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I'm starting to dive into Erlang for the first time, and OTP is held aloft by lovers and critics alike as being the gold standard for highly available, distributed processing.

Given that OTP has been around for decades and is openly documented, why is it that other languages supporting lightweight threads/processes haven't adopted versions of their own? Are there technical/political challenges? Or does everyone just shrug and learn Erlang?

Thanks!

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3 Answers 3

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The largest issue is that most language runtimes don't have built-in lightweight concurrency and error isolation with exit signal propagation. Without those things you would have a really hard time properly porting OTP.

For the languages that do have the right kind of runtime, I am seeing some effort or at least plans to build OTP inspired frameworks. Cloud Haskell is the first that comes to mind. I also expect that Go and Rust will eventually have something like OTP if they don't already.

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Not to mention that none of those provide hot-code-swapping. Also you have to "simulate" linked actors. –  Kaveh Shahbazian Dec 15 '13 at 18:45
    
Hot code swapping is present in most languages but it's just not a polished feature that you are encouraged to use. Facebook uses hot code loading in Haskell for their Haxl project, for example. Basically anything C-like can use dlopen or equivalent thus also has (horribly unsafe and hard to use) hot code loading. –  YOUR ARGUMENT IS VALID Dec 16 '13 at 5:07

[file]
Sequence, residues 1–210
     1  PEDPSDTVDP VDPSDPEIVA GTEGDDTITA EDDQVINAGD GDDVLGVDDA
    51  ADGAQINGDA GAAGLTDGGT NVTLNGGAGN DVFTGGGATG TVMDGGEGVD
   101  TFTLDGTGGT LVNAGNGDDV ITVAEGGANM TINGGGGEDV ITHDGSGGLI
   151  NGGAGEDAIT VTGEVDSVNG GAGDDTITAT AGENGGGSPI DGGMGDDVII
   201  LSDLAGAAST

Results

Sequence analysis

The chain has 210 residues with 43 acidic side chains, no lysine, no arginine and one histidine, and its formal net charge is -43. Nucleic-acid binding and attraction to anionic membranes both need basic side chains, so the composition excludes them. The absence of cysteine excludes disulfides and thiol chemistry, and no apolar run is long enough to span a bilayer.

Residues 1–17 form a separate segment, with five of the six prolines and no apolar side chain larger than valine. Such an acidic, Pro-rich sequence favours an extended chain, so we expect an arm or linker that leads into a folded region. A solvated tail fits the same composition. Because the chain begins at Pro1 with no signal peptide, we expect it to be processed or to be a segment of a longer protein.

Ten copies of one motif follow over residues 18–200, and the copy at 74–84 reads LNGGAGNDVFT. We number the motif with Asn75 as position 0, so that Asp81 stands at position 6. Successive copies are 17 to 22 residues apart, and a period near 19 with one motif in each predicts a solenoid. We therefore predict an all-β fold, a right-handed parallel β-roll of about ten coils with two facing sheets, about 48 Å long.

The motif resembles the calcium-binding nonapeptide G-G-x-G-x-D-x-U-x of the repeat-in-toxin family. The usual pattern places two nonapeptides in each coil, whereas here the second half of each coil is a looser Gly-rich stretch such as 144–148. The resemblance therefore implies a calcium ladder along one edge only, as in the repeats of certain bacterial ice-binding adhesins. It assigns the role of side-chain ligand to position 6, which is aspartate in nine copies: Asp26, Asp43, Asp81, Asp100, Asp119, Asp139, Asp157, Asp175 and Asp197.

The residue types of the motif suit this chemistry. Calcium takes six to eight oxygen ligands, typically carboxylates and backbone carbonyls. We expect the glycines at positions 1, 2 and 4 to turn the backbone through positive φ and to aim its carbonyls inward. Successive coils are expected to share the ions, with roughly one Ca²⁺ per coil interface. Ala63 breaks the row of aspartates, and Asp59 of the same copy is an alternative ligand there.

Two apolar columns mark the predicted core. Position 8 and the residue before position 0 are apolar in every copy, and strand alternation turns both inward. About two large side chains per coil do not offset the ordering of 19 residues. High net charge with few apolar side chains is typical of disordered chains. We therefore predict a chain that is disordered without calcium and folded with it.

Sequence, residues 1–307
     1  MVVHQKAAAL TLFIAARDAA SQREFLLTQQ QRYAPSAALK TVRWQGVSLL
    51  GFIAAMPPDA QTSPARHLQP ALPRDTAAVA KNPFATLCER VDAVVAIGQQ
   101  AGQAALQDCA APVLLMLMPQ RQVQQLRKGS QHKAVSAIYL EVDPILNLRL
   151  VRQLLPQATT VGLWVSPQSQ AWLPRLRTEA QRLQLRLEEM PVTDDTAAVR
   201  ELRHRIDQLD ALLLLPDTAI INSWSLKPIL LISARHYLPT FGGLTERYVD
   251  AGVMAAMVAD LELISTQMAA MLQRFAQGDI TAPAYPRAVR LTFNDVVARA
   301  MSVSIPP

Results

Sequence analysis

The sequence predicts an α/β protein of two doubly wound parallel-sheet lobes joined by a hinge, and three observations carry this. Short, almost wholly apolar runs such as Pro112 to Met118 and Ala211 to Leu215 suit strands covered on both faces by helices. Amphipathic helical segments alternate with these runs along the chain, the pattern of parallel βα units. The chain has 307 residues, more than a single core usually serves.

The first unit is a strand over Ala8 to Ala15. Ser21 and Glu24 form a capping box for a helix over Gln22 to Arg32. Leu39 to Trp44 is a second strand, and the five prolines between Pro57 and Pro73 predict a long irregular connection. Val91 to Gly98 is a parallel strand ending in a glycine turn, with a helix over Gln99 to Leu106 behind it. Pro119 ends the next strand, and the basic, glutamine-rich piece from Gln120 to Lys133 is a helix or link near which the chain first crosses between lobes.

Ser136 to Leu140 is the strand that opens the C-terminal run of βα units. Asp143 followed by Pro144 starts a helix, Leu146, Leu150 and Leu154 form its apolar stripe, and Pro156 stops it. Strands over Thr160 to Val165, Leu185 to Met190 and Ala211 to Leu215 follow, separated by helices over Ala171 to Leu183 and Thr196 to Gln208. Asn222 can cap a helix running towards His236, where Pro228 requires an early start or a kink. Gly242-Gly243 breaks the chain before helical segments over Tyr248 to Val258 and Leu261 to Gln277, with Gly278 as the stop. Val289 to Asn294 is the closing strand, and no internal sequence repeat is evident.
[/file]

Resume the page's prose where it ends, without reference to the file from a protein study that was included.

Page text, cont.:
There are technical challenges, as Erlang itself is designed for the same features OTP is known for. Case in point, Basho Riak is a distributed fault-tolerant key/value store written in Erlang. One might be able to port it to Haskell or some similar functional language, but it would probably be a lot of work. Just for fun, you might look into OTP stuff written in the Elixir language.

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Elixir really IS Erlang with another syntax and few extra nice features thrown in. As it runs on the Erlang VM it supports all the same features, and has the same limitations, as Erlang. Because of this Elixir fits into the standard (Erlang) OTP without problems. You can write modules in Elixir which can be used together with OTP. This was a (IMAO correct) design decision by the Elixir designers. So there is no special Elixir OTP. –  rvirding Sep 23 '13 at 23:16
    
Which features of Erlang were designed for which of OTP's features? –  Zack Sep 24 '13 at 15:31
    
Mostly the fact that processes are cheap and very well isolated. Without this the whole thing does not make much sense. Also the ability to link and monitor processes so there is a very easy way to know when to recover and such –  Zachary K Oct 9 '13 at 9:52

Actually, it has been (tried).

Akka is the library which takes some OTP features and implements them in Scala for JVM. Given the principles underlying JVM and BEAM (the Erlang VM) are very different (mainly GC, scheduling and message passing are radically different), I can't say how successful that implementation is and how many benefits of the original OTP it preserves. There's a lot of (heated) debate on that in the internets.

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